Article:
ABSTRACT: A retrospective multicenter study.
To evaluate the effect of repeated surgical lengthenings and time on spinal growth and Cobb angle in children with early onset scoliosis and dual growing rods.
Previous studies have established the effectiveness of dual growing rods for controlling spinal deformity and promoting spinal "growth." Although anecdotal experience suggests that the effectiveness of repeated lengthenings decreases over time, this has not been previously studied.
Medical records from five different centers were reviewed to identify children treated with dual growing rods for early onset scoliosis who had a minimum of 2-year follow-up and at least three lengthening procedures. Initial radiographs, postimplantation radiographs, and radiographs from before and after each lengthening were measured for T1-S1 distance and Cobb angle. Linear regression and analysis of variance were used for statistical analysis.
Thirty-eight patients from five centers met the inclusion criteria. The average age of our patients was 5.7 years (range 1.7-8.9 years); mean follow-up was 3.3 years (range 2-7 years). The average interval between lengthenings was 6.8 months. Cobb angle decreased from a mean value of 74° preoperatively to 36° after the primary implantation and did not change significantly with repeated lengthenings (P = 0.96). After initial implantation, the average annual T1-S1 gain was 1.76 ± 0.71 cm/year. The T1-S1 gain after a given lengthening, however, decreased significantly with repeated lengthenings (P = 0.007). When the effect of time was considered, there was also a significant decrease in T1-S1 gain over time (P = 0.014).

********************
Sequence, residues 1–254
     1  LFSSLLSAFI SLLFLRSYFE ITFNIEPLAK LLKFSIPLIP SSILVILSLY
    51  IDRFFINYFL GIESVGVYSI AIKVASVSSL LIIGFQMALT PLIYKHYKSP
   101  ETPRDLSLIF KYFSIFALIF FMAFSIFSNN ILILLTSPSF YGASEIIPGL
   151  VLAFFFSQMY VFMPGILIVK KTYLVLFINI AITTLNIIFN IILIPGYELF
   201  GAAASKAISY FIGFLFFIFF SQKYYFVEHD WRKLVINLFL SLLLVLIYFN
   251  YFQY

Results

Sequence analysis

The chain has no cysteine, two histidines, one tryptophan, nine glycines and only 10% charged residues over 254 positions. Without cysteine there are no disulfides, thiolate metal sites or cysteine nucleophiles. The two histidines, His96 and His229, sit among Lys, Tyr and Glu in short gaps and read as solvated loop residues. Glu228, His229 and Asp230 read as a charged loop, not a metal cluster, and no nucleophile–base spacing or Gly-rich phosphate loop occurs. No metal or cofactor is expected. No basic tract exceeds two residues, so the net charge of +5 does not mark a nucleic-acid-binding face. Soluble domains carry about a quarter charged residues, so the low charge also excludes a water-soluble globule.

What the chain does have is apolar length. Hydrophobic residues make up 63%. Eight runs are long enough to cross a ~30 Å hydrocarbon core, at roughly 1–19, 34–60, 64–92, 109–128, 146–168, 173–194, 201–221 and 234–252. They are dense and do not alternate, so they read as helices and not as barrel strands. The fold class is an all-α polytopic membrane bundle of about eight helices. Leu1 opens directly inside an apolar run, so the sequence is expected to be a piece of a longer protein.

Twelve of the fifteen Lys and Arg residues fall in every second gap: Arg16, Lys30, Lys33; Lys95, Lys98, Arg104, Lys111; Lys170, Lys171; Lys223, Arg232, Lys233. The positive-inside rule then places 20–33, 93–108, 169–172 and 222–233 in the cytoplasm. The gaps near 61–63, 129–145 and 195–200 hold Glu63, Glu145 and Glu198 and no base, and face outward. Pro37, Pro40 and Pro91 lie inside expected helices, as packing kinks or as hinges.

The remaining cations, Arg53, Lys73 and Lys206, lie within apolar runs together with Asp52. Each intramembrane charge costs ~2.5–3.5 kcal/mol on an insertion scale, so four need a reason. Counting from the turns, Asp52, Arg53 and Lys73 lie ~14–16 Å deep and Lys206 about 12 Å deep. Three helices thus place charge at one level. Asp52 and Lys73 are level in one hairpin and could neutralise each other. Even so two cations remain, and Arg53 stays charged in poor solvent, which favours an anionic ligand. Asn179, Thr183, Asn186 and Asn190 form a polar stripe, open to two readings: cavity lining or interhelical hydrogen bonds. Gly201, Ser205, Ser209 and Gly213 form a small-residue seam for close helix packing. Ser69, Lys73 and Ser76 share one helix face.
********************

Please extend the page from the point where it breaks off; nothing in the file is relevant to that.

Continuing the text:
There seems to be a "law of diminishing returns" with repeated lengthenings of dual growing rods. Repeated lengthenings still result in a net T1-S1 increase; however, this gain tends to decrease with each subsequent lengthening and over time. This phenomenon may be due to autofusion of the spine from prolonged immobilization by a rigid device.
Spine 02/2011; 36(10):806-9. · 2.08 Impact Factor